Item of the Day: Alexander Hamilton’s Report on the Public Credit of the United States (1790)
Full Title: Report of the Secretary of the Treasury to the House of Representatives, Relative to a provision for the support of the public credit of the United States, in conformity to a resolution of the twenty-first day of September, 1789. Presented to the House on Thursday the 14th day of January, 1790. Published by order of the House of Representatives. New-York: Printed by Francis Childs and John Swaine, 1790.
[Alexander Hamilton, as the Secretary of the Treasury under George Washington, was faced with the responsibility of sorting out and planning the new government’s financial and economic responsibilities and policies. Although Hamilton had worked tirelessly with James Madison to have the newly drafted constitution ratified in 1787, their divergent views on finance and the economic direction in which the new United States should develop created a rift that went beyond the personal into the political, leading to the development of conflicting political ideologies and, ultimately, to the birth of opposing political parties. As Secretary of the Treasury, Hamilton had several critical economic issues to address. These included the questions of the public credit, assumption and funding. To Hamilton, the public credit of the United States was paramount to its success as a nation, and he believed that America’s prosperity and that of Great Britain were inseparable. Hamilton’s vision of the ideal economy was based on the development and encouragement of the merchant class. Opposing Madison, he argued against discrimination. The issues of assumption and of funding were other points on which Hamilton and Madison disagreed. In addition, Hamilton proposed the establishment of a national bank, the constitutionality of which was greatly debated and opposed by both James Madison and Thomas Jefferson.]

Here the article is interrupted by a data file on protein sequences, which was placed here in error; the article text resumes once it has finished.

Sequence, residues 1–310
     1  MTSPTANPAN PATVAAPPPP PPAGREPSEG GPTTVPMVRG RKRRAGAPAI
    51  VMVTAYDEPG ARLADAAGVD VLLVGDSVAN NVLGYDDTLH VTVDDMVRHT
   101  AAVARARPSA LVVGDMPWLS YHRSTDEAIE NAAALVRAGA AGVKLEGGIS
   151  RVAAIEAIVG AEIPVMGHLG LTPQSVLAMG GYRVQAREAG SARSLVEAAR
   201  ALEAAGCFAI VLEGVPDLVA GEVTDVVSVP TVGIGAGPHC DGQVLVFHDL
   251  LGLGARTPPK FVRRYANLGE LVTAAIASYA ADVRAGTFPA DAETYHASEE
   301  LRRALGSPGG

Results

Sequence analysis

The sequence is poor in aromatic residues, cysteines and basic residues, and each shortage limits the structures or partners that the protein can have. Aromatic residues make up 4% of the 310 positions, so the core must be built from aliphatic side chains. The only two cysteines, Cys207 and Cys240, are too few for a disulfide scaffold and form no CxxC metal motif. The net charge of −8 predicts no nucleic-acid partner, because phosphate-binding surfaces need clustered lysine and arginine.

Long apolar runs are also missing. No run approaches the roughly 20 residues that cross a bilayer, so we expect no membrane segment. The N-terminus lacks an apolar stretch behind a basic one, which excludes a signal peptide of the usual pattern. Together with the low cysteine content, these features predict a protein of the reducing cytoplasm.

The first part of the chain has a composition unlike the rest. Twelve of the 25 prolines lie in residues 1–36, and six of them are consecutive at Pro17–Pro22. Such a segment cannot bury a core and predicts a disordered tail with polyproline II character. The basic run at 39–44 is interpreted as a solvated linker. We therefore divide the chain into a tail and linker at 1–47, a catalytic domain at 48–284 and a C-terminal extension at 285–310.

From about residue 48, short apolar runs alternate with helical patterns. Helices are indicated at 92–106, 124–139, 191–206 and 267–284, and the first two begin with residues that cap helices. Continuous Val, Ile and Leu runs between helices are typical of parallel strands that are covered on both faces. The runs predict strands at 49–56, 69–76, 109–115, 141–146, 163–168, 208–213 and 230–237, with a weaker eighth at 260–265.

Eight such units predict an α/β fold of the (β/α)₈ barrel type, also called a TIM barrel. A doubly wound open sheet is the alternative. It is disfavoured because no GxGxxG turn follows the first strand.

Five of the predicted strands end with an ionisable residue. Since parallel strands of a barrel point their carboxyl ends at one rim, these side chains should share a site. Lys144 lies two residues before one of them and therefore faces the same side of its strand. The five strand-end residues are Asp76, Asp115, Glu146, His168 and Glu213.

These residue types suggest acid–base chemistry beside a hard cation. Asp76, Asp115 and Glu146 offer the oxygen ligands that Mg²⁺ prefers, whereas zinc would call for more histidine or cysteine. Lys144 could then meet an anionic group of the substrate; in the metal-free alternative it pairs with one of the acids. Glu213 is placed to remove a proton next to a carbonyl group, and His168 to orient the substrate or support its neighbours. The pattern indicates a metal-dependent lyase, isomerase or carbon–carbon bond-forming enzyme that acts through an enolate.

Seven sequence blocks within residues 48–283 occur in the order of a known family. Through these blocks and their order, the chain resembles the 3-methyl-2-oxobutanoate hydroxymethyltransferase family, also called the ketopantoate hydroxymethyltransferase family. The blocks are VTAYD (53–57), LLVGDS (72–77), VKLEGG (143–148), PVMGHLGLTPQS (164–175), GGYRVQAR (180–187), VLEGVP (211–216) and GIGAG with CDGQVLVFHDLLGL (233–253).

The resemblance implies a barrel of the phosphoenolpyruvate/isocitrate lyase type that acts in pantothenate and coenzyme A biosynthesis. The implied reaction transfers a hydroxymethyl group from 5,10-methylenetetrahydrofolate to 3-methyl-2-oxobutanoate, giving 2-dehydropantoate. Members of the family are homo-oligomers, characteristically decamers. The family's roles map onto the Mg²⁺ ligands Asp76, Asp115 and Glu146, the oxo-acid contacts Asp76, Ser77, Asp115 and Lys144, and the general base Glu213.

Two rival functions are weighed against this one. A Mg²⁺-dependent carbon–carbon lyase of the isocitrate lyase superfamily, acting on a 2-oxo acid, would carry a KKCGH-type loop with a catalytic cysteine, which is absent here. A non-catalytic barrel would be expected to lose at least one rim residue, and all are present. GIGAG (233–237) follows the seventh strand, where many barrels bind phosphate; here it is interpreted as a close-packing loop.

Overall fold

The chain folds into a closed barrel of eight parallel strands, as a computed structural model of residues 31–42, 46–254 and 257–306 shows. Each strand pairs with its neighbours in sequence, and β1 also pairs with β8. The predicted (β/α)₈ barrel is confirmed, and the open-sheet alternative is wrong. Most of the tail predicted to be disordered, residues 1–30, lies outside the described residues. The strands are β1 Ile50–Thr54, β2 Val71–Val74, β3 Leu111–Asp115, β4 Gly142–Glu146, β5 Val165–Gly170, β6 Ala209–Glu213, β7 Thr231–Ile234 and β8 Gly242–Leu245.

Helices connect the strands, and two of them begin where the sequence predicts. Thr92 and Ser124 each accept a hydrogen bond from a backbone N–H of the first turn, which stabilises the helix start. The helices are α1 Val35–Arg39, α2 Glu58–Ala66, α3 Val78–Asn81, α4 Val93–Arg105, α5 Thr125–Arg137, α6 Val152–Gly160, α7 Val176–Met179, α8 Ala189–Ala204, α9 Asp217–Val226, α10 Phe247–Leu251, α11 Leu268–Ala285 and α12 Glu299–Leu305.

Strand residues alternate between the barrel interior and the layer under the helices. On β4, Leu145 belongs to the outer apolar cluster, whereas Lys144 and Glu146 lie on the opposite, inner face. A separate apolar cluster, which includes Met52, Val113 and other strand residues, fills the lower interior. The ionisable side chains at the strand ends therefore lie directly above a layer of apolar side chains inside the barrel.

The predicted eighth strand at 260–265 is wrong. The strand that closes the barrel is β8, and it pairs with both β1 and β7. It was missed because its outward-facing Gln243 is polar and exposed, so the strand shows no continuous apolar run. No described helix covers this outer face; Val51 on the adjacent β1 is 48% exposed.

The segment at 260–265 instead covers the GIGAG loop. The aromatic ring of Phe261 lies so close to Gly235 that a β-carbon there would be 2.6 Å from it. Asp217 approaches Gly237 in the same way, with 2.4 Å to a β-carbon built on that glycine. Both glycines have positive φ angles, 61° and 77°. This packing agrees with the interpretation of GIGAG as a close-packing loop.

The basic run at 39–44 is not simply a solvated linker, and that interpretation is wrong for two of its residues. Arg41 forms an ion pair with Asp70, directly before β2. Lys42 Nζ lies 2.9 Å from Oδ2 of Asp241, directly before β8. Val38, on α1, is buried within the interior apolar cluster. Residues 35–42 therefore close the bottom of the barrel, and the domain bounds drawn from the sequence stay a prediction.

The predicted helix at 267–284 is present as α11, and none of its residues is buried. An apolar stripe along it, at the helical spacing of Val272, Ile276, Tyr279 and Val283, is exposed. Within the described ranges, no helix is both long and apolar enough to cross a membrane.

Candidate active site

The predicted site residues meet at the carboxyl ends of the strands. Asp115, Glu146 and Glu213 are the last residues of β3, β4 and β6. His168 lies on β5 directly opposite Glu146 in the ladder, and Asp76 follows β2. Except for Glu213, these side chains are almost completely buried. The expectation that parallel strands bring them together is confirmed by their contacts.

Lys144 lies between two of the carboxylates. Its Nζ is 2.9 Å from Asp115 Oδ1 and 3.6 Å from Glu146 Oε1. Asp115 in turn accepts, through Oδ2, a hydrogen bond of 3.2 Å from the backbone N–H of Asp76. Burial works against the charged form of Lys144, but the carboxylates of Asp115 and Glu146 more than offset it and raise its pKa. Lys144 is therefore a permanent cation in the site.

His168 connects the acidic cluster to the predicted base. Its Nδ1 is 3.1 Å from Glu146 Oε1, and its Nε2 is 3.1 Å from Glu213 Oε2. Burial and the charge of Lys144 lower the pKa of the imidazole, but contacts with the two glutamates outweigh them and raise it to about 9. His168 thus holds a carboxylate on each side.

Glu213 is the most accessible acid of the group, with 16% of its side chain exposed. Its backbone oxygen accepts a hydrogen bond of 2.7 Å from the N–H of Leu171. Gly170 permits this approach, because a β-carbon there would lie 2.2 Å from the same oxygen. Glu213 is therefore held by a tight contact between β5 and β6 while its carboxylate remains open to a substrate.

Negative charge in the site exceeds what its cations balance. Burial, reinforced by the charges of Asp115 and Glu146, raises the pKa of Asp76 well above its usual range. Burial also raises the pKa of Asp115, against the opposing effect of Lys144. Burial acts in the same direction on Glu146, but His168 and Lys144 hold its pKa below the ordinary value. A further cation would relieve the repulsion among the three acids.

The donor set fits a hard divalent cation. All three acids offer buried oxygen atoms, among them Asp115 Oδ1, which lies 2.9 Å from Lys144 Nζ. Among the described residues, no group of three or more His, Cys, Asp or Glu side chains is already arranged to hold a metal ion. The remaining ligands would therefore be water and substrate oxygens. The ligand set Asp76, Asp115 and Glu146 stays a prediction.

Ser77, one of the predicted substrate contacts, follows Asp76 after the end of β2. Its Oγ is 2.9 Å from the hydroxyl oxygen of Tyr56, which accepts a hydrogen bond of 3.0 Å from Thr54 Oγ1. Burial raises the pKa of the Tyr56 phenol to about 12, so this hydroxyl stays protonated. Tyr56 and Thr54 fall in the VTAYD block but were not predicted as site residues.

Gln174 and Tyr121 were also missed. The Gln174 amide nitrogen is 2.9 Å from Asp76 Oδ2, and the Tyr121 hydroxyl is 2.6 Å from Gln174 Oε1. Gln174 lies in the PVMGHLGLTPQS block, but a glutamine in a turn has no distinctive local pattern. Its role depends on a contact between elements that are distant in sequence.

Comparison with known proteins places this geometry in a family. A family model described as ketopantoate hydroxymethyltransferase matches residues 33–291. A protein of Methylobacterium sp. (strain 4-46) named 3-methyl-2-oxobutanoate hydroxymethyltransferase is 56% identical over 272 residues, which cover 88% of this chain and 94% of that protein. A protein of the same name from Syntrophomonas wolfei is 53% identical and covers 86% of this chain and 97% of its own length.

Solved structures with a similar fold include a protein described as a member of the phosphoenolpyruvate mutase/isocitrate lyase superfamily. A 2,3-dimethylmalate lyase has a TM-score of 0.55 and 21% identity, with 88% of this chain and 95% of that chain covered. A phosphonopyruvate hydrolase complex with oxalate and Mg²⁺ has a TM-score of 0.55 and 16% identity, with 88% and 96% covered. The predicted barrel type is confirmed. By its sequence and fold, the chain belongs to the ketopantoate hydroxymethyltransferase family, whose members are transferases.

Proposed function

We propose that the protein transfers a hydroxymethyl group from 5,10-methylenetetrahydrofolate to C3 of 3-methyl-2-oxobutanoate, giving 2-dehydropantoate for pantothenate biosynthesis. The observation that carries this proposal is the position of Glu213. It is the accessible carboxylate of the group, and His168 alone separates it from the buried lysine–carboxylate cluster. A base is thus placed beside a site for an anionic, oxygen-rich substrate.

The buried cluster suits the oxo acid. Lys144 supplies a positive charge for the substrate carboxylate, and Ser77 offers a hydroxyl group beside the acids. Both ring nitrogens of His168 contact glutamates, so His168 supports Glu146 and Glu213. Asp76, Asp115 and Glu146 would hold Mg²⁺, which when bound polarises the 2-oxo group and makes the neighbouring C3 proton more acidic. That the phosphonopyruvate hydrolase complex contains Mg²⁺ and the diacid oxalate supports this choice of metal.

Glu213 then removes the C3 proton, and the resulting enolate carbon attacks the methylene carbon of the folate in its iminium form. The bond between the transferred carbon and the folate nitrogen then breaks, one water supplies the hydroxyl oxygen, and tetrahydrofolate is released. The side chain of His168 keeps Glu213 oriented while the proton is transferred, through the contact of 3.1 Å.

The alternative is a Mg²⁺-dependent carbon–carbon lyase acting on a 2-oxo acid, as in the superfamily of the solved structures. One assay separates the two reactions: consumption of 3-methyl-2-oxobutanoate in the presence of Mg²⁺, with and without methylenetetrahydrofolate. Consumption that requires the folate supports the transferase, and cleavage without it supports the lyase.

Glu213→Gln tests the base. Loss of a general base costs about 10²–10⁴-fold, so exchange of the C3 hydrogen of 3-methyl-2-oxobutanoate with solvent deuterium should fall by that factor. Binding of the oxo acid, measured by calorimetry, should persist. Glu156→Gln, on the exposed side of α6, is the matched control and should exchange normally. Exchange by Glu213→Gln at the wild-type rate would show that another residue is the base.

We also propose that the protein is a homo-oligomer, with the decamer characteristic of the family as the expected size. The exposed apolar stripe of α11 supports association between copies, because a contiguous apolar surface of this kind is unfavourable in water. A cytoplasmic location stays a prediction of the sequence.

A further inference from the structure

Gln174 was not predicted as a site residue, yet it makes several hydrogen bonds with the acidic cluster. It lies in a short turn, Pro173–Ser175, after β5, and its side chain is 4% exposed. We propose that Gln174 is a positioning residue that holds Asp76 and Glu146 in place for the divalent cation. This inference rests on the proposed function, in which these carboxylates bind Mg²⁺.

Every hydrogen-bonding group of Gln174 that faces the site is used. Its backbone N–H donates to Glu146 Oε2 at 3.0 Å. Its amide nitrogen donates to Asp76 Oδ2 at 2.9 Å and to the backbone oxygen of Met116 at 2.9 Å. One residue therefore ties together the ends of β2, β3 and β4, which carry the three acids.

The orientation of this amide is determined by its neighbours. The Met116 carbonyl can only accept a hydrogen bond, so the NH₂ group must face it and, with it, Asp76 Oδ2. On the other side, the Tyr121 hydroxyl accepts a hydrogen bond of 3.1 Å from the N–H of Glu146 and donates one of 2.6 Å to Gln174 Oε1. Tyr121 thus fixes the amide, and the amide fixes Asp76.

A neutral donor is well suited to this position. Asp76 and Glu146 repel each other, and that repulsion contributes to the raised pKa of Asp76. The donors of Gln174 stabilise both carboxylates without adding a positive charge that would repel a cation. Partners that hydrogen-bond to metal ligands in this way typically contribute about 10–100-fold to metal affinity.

In the opinion of the Secretary, the wisdom of the House, in giving their explicit sanction to the proposition which has been stated, cannot but be applauded by all, who will seriously consider, and trace through their obvious consequences, these plain and undeniable truths.---
That exigencies are to be expected to occur, in affairs of nations, in which there will be a necessity for borrowing.—
That loans in times of public danger, especially from foreign war, are found an indispensable resource, even to the wealthiest of them.—
And that in a country, which, like this, is possessed of little active wealth, or in other words, little monied capital, the necessity for that resource, must, in such emergencies, be proportionably urgent.
And as on the one hand, the necessity for borrowing in particular emergencies cannot be doubted, so on the other, it is equally evident, that to be able to borrow upon good terms, it is essential that the credit of a nation should be well established.
For when the credit of a country is in any degree questionable, it never fails to give an extravagant premium, in one shape or another, upon all the loans it has occasion to make. Nor does the evil end here; the same disadvantage must be sustained upon whatever is to be bought on terms of future payment.
From this constant necessity of borrowing and buying dear, it is easy to conceive how immensely the expenses of a nation, in a course of time, will be augmented by an unsound state of the public credit.
To attempt to enumerate the complicated variety of mischiefs in the whole system of the social economy, which proceed from a neglect of the maxims that uphold public credit, and justify the solicitude manifested by the House on this point, would be an improper intrusion on their time and patience.
In so strong a light nevertheless do they appear to the Secretary, that on their due observance a the present critical juncture, materially depends, in his judgment , the individual and aggregate prosperity of the citizens of the United States; their relief from the embarrassments they now experience; their character as a People; the cause of good government.